Let's talk strategy

I love a good graph, maybe it's the economist in me, but things always make the most sense when you can put it in a nice visual representation of less and more. If you are further to the right then you're more of this and if you are closer to the bottom then you're less of that. Yeah, now you're starting to like graphs, too, aren't you?

One of my favorite graphical representations from grad school was the matrix illustrating the Miles and Snow Strategy Typology (I have a picture of it below).

We based our semester's assignment on this matrix- asking- "is your business more of an analyzer or are they more of a reactor in the marketplace?" We had debates on what type of business is better suited for this industry and that. It was all so interesting. Today, we're summarizing the Miles and Snow Strategy Typologies for you- so go ahead and see where your business lies and what potential strengths/weaknesses you may face as a result.


A prospector may exhibit the following characteristics:

  • Learning orientation

  • Flexible, fluid, decentralized structure

  • Values creativity, risk-taking and innovation

These organizations are innovators and developers. They are always seeking to create the 'next big thing,' rather than sitting still with products that have been previously been developed and released in the market. These companies may have big wins, but also risk big losses.


An organization that identifies as a defender in the market place may look like this:

  • Efficiency orientation

  • Centralized authority and tight cost control

  • Emphasis on production efficiency and low overhead

These businesses are often found in mature marketplaces where there is less of a chance to innovate, so they primarily seek profits or revenue. Instead of investing money in new developments, this kind of an organization is going to relish in the rewards of what they have already created. This particular strategy is typically one that a business shifts to as the market matures.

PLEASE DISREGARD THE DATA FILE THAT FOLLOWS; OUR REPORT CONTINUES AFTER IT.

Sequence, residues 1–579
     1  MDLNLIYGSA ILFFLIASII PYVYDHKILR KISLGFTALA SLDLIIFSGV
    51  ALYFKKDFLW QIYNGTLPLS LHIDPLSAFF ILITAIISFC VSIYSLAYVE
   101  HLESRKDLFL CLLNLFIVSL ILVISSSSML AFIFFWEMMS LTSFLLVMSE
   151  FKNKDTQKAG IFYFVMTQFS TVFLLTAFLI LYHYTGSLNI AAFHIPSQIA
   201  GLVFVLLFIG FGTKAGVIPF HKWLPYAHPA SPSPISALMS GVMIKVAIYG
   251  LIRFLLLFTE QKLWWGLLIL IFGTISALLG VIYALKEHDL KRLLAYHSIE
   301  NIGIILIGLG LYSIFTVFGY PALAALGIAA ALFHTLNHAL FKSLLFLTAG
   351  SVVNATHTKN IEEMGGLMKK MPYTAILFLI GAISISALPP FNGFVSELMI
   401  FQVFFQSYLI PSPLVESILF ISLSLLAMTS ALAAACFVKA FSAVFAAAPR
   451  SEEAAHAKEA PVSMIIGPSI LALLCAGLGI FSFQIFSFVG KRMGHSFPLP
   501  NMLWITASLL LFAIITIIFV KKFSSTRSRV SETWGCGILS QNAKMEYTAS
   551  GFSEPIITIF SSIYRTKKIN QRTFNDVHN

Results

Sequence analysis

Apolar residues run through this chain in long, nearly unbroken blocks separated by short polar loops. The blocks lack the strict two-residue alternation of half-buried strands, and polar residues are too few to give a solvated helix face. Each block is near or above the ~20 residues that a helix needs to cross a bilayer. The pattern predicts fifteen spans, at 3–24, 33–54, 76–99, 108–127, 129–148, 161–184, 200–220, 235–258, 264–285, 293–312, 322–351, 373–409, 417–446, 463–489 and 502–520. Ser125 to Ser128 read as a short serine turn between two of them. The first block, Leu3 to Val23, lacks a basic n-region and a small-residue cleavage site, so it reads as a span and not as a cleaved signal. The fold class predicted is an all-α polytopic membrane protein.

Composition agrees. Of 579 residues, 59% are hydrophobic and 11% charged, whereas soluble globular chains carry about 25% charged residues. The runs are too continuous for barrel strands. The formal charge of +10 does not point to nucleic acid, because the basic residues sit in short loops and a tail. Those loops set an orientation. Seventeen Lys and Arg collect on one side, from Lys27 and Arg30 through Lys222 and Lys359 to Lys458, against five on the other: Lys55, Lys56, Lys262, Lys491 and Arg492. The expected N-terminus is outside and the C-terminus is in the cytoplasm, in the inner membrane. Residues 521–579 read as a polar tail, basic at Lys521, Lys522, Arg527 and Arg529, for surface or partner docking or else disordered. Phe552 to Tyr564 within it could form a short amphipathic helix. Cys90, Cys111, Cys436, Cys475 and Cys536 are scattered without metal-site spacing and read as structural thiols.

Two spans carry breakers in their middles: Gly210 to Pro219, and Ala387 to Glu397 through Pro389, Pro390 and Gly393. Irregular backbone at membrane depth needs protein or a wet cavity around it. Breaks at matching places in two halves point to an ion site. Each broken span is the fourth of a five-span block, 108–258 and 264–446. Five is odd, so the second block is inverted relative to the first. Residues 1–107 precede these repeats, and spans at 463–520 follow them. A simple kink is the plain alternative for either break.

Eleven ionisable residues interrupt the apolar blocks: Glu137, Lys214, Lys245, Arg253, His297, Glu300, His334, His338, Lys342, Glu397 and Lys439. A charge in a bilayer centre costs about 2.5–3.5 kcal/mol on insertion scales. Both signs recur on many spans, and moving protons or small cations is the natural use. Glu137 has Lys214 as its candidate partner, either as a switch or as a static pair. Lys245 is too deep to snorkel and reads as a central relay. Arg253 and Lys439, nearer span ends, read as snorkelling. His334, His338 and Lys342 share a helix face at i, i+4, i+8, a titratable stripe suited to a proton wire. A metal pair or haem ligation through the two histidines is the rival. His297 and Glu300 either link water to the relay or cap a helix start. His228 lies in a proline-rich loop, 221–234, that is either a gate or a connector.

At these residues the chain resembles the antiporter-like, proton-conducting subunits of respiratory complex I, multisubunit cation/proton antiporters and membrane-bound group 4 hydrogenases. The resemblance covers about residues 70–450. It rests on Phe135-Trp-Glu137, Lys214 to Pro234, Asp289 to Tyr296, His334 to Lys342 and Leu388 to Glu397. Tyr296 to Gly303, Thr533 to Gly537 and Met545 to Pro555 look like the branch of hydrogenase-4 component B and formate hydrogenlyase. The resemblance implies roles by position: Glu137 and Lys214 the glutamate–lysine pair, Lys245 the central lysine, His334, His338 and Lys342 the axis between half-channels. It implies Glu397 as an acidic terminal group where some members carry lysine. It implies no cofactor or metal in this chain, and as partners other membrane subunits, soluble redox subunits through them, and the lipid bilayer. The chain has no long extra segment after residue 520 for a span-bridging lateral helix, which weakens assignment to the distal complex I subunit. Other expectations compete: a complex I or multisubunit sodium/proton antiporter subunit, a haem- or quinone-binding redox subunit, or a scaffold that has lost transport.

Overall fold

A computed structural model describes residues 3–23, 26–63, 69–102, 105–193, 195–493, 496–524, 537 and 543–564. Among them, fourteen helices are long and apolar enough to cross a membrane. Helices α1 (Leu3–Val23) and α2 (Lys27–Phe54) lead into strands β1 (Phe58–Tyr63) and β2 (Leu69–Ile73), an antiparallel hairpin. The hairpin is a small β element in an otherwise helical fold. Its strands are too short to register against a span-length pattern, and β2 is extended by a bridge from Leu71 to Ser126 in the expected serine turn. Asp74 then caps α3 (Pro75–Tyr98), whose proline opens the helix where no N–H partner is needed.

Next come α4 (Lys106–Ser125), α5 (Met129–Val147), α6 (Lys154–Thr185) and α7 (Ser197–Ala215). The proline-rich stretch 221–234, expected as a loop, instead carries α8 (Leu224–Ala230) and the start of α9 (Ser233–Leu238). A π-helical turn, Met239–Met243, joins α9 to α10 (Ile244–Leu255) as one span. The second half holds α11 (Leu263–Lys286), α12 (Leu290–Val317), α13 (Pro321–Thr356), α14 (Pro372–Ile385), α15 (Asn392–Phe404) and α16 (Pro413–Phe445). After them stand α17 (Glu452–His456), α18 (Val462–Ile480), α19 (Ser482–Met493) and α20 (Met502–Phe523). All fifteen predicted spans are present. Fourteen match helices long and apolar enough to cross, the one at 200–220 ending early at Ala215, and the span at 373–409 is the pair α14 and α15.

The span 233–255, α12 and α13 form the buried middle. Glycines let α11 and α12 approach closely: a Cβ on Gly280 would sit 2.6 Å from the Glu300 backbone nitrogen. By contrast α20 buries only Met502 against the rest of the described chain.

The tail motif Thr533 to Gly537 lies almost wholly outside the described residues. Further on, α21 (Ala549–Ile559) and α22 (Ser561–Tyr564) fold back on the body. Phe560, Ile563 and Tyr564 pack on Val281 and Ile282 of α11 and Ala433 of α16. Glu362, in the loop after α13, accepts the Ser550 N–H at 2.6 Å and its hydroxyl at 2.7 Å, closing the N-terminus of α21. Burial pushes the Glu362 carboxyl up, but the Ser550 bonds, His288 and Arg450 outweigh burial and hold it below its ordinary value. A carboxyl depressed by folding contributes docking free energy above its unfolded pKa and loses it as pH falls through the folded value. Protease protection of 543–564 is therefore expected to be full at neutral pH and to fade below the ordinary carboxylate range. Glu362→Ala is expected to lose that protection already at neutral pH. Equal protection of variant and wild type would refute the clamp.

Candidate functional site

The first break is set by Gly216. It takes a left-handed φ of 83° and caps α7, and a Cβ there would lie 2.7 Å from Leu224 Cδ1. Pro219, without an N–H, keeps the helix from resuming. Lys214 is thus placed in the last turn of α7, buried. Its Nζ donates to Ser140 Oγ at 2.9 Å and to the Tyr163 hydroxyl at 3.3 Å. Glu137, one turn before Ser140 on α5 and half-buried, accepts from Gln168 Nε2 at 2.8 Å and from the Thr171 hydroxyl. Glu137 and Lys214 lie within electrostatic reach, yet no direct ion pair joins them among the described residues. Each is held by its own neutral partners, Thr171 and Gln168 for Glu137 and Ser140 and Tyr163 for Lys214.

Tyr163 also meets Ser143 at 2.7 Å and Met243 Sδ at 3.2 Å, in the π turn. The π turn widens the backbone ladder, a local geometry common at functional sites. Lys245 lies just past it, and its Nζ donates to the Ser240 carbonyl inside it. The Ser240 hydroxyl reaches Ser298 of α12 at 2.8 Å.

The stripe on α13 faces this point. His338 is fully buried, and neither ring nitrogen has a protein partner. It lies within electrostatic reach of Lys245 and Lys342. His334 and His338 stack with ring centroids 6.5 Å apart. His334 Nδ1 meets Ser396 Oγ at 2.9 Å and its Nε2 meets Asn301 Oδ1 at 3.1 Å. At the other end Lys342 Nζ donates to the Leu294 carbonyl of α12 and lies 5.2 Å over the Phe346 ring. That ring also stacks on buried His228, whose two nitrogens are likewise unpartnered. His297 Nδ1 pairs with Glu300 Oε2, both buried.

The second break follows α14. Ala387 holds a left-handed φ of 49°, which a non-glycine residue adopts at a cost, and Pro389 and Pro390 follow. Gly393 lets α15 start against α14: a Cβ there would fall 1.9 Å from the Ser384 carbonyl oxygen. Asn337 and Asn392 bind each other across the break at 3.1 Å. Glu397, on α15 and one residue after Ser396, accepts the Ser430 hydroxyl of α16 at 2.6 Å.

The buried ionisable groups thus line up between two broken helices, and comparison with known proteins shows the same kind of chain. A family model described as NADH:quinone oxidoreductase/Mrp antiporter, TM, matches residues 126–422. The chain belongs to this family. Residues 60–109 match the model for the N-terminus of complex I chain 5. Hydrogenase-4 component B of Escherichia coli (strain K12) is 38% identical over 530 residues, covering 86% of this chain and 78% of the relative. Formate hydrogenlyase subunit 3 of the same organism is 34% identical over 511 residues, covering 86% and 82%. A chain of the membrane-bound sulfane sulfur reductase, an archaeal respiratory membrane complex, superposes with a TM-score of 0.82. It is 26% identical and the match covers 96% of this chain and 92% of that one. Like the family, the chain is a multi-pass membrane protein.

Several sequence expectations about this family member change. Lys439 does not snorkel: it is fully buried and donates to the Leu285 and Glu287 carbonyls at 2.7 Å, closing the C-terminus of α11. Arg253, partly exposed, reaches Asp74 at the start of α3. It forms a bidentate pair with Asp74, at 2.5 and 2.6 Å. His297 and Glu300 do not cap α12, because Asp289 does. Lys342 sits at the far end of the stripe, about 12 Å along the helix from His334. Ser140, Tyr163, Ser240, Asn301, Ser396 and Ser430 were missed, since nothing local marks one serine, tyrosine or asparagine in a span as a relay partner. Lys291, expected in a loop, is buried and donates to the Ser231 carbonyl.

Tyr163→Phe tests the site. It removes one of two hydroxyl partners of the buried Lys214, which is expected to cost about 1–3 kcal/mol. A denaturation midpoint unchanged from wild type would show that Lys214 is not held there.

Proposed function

An analyzer-focused organization:

  • Balances efficiency and learning

  • Tight cost control with flexibility and adaptability

  • Emphasis on creativity, research, and risk-taking for innovation

They are usually market leaders, often large organizations that will build upon others' innovations and develop new products periodically. This type of firm will generally observe the market and then seek to meet its demands as successfully as possible. Due to their large size, this type of company can be late to the market and still prove successful in the end.


Reactors will observe these behaviors:

  • No clear organizational structure

  • Design characteristics may shift abruptly depending on current needs

A reactor is just what it sounds like, they react. Companies who react to the market are almost always going to be surpassed by organizations who are able to innovate, defend, or analyze successfully.

Did you figure out which one of these matches your business the closest? Do you want to figure out how to shift or change your strategy? No worries, Out of the Box Advisors has your back! We offer specialized consultation and business advice to help you build a strong, thriving organization- let's grab a coffee and chat about it.

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